ACCRA, Despite international efforts to address food insecurity, around 108 million people in the world were severely food insecure in 2016, a dramatic increase from 80 million in 2015, the Global Report on Food Crises 2017 reveals.

The report, whose compilation required integrating several measurement methodologies, represents a new and politically innovative collaboration between the European Union (EU), the Famine Early Warning Systems Network (Fews.Net) of the United States Agency for International Development (USAID), regional food security institutions and United Nations agencies including the Food and Agriculture Organization (FAO), the World Food Programme (WFP) and the UN Children’s Fund (Unicef).

According to the report, which was made available here Monday, the dramatic increase reflects the trouble people had in producing and accessing food because of conflict, record-high food prices in local markets in affected countries and extreme weather conditions such as drought and erratic rainfall caused by the El NiAo weather phenomenon.

“Civil conflict is the driving factor in nine of the 10 worst humanitarian crises, underscoring the strong linkage between peace and food security,” the report says.

By joining forces to deliver neutral analytical insights drawn from multiple institutions, the report, which will be issued annually, enables better-informed planning decisions to respond to food crises in a more timely, global and coordinated manner.

“This report highlights the critical need for prompt and targeted action to effectively respond to the food crises and to address their root causes,” said Neven Mimica, the EU Commissioner for International Co-operation and Development. The EU has taken leadership in this response. In 2016, we allocated 550 million Euros, followed by another 165 million Euros that we have just mobilised to assist the people affected by famine and drought in the Horn of Africa,” he said.

“The report is the outcome of a joint effort and a concrete follow-up to the commitments the EU made at the World Humanitarian Summit in Istanbul, which identified the urgent need for transparent, independent but consensus-based analysis of crises,” said Christos Stylianides, the EU Commissioner for Humanitarian Aid and Crisis Management.

“I hope this document will be a strong tool for the whole international community to improve the co-ordination of our responses to crises.”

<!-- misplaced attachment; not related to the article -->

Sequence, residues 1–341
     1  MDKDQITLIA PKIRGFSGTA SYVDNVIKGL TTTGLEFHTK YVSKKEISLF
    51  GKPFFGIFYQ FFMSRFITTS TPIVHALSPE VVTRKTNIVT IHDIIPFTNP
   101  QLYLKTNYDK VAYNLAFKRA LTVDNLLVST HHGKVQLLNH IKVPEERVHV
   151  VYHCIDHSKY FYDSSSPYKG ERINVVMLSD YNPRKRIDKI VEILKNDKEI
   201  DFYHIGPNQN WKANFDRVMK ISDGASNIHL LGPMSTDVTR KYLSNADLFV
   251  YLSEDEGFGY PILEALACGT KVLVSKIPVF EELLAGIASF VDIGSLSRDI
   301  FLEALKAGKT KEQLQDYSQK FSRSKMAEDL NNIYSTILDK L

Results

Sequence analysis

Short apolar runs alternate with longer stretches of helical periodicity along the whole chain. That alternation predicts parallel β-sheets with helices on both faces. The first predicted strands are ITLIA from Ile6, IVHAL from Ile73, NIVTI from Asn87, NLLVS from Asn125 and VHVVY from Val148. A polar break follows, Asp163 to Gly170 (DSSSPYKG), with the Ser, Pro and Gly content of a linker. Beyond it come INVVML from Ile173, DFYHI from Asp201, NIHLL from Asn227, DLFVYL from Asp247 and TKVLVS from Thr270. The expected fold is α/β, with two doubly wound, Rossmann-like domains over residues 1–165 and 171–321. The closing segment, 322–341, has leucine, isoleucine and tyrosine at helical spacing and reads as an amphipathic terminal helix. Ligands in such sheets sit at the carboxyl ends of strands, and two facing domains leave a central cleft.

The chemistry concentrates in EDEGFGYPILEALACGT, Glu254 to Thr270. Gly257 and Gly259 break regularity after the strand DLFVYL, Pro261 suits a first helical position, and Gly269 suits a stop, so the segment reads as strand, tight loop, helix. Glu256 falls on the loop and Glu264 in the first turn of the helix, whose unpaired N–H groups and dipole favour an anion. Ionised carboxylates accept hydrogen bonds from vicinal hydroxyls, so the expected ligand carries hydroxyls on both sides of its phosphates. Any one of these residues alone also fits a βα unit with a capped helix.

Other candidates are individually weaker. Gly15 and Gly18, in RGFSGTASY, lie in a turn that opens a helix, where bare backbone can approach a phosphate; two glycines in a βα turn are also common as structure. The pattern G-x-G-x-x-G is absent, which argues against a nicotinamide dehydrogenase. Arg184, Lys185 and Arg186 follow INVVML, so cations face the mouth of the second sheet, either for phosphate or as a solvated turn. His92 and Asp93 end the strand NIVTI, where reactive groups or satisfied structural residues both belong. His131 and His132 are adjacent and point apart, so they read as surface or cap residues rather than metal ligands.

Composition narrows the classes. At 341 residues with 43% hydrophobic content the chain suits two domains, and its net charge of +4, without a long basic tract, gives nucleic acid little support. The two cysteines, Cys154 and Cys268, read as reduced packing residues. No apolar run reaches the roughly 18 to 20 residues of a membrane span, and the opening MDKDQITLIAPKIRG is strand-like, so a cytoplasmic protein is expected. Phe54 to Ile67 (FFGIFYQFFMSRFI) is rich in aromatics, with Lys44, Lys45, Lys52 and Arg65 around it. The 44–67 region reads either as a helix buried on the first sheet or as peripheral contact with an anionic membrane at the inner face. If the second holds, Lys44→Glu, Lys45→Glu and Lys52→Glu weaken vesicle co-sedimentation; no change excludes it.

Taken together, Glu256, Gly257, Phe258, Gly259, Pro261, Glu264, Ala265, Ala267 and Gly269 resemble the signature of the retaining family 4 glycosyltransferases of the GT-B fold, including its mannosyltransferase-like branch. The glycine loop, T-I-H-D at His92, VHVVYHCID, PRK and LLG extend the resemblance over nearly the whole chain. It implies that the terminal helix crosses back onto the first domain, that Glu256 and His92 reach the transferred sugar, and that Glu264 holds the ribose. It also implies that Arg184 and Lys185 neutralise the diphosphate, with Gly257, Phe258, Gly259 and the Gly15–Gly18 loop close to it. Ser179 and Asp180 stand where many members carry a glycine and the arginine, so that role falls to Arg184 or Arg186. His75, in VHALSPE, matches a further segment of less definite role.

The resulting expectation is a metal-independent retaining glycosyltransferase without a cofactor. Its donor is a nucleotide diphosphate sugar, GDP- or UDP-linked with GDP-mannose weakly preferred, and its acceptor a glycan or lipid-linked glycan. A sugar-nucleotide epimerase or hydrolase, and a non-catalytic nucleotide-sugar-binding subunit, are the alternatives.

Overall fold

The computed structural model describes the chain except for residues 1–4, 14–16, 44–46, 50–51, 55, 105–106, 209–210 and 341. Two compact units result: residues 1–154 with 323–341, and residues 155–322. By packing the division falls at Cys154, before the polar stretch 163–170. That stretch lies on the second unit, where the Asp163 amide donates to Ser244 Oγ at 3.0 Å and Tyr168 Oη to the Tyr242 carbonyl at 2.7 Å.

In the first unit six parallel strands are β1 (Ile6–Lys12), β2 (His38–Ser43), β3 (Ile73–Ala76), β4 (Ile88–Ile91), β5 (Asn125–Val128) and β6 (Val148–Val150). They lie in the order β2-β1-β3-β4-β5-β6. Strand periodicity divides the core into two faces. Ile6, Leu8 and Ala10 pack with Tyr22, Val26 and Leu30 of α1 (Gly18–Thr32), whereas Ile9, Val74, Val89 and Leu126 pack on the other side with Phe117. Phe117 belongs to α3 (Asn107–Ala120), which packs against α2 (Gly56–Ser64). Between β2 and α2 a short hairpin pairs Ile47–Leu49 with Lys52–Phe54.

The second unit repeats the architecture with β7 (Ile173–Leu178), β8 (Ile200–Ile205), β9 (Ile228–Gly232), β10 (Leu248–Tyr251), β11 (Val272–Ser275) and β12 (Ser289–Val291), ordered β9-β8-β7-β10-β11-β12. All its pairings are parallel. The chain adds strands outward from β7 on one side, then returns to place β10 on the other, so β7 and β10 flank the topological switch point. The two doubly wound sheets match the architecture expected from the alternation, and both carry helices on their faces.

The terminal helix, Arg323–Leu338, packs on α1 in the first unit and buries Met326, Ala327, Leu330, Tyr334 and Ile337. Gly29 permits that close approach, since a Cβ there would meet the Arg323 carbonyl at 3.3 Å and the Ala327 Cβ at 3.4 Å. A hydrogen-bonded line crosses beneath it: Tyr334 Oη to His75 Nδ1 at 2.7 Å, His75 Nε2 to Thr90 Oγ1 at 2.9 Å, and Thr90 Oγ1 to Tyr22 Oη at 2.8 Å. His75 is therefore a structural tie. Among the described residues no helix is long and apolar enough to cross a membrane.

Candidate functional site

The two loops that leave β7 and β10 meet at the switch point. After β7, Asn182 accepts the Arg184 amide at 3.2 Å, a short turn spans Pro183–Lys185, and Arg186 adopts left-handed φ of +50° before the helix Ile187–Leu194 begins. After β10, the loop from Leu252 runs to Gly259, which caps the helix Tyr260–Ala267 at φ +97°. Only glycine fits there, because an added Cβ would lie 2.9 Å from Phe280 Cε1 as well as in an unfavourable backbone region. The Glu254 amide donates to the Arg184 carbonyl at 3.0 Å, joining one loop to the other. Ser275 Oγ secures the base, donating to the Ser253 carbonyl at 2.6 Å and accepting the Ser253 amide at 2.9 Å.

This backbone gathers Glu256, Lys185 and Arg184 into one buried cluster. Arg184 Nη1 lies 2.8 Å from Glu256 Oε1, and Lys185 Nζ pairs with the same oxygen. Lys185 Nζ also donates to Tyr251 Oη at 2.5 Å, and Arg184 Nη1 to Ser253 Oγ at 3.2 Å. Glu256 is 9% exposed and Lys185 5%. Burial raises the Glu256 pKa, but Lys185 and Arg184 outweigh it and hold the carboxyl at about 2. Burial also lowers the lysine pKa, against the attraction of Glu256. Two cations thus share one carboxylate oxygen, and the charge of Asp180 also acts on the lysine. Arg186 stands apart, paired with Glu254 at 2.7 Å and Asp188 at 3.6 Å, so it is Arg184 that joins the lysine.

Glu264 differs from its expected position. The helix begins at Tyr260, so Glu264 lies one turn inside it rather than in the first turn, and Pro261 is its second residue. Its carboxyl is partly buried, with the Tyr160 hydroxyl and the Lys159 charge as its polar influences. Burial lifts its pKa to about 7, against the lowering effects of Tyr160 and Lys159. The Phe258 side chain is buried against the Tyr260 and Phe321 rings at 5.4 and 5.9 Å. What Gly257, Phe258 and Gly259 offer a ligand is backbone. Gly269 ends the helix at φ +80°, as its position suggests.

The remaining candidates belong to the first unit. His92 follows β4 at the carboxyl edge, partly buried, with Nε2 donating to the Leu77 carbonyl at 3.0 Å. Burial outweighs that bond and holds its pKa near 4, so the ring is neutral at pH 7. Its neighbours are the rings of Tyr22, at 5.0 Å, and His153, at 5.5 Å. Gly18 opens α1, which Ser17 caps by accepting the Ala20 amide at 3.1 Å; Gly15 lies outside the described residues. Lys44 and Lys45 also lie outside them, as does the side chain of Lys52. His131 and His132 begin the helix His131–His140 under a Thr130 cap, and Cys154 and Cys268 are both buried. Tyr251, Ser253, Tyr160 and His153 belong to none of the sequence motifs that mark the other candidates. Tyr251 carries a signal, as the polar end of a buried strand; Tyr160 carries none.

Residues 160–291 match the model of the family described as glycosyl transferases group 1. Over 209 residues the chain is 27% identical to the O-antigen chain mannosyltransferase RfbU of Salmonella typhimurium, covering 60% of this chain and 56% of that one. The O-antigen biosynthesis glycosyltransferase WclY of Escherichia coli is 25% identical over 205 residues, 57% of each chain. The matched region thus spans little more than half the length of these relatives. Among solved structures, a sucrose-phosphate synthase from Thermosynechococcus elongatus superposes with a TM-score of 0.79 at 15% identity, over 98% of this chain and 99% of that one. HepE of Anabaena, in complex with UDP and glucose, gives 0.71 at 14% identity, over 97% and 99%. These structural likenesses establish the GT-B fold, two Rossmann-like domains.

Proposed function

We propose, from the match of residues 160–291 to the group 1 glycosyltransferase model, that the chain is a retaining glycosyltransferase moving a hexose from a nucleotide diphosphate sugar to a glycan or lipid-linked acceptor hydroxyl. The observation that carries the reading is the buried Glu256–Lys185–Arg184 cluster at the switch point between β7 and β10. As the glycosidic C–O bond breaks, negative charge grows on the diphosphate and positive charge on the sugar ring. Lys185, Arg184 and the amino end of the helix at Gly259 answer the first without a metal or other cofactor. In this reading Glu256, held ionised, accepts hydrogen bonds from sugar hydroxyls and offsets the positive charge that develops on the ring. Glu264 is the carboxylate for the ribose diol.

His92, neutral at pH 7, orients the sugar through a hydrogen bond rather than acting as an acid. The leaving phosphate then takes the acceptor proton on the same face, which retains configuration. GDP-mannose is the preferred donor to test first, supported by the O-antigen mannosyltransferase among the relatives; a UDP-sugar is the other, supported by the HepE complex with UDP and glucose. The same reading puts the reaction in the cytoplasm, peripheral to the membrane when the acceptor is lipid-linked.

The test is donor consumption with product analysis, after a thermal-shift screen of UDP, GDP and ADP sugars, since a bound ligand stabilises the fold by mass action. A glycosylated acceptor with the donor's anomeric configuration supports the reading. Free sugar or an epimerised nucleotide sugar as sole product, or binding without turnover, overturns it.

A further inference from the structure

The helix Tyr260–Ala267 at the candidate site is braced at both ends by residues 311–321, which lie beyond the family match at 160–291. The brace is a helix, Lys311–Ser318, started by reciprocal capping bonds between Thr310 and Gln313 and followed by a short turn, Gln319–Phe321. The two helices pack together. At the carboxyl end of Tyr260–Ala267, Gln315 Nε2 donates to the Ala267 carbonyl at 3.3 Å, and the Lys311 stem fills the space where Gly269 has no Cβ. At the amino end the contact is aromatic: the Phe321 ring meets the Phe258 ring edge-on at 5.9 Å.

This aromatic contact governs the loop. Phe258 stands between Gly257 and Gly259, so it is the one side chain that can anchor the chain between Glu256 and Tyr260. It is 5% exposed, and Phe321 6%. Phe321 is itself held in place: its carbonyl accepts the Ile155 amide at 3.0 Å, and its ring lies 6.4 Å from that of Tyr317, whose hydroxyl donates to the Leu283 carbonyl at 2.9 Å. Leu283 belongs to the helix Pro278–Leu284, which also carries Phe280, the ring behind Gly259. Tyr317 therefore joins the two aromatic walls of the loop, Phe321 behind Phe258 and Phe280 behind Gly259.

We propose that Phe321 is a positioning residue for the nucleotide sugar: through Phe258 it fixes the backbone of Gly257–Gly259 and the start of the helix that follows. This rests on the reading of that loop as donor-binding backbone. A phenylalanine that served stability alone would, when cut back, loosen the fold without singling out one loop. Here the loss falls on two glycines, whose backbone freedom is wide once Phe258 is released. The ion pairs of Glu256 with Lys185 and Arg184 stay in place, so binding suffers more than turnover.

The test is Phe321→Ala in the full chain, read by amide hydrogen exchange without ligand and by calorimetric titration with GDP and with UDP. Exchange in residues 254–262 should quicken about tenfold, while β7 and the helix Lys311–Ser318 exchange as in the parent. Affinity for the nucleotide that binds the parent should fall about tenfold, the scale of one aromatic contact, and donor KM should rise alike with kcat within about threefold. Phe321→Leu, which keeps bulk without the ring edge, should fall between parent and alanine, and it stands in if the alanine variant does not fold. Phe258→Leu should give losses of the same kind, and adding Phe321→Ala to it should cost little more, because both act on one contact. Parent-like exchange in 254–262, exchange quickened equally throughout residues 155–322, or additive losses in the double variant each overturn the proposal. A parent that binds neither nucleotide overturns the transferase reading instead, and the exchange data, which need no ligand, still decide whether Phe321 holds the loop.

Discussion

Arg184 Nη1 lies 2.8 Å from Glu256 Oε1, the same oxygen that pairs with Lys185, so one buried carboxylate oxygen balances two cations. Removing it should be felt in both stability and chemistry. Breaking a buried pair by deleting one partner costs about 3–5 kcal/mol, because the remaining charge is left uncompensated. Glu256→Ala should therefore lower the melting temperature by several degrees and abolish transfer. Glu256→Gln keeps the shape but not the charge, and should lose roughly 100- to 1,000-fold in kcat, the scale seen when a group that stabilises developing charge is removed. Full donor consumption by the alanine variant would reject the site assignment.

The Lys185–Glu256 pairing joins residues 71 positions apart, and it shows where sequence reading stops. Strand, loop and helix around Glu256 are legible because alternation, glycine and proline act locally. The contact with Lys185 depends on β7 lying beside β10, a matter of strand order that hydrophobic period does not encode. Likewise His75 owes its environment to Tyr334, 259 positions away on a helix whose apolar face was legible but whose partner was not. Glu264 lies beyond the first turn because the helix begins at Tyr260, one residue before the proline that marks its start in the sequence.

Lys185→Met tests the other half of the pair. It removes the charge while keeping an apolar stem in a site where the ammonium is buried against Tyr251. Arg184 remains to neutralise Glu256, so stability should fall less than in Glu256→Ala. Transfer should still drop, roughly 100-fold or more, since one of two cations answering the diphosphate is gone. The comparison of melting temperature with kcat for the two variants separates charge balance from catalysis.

The report said this year, the demand for humanitarian and resilience-building assistance would further escalate as four countries were at risk of famine — South Sudan, Somalia, Yemen and northeastern Nigeria. It mentioned that other countries which require massive levels of assistance because of widespread food insecurity are Iraq, Syria (including refugees in neighbouring countries), Malawi and Zimbabwe.

“The cost in human and resource terms only increases if we let situations deteriorate,” said FAO Director-General Jose Graziano da Silva. “We can prevent people dying from famine but if we do not scale up our efforts to save, protect and invest in rural livelihoods, tens of millions will remain severely food insecure,” he said.

“The numbers tell a deeply worrying story with more than 100 million people severely food-insecure, a level of suffering which is driven by conflict and climate change. Hunger exacerbates crisis, creating ever greater instability and insecurity. What is a food security challenge today becomes tomorrow’s security challenge,” said Ertharin Cousin, the WFP Executive Director. “It is a race against time – the world must act now to save the lives and livelihoods of the millions at the brink of starvation.”

The report said the 108 million people reported to be facing severe food insecurity in 2016 represented those suffering from higher-than-usual acute malnutrition and a broad lack of minimally adequate food even with external assistance.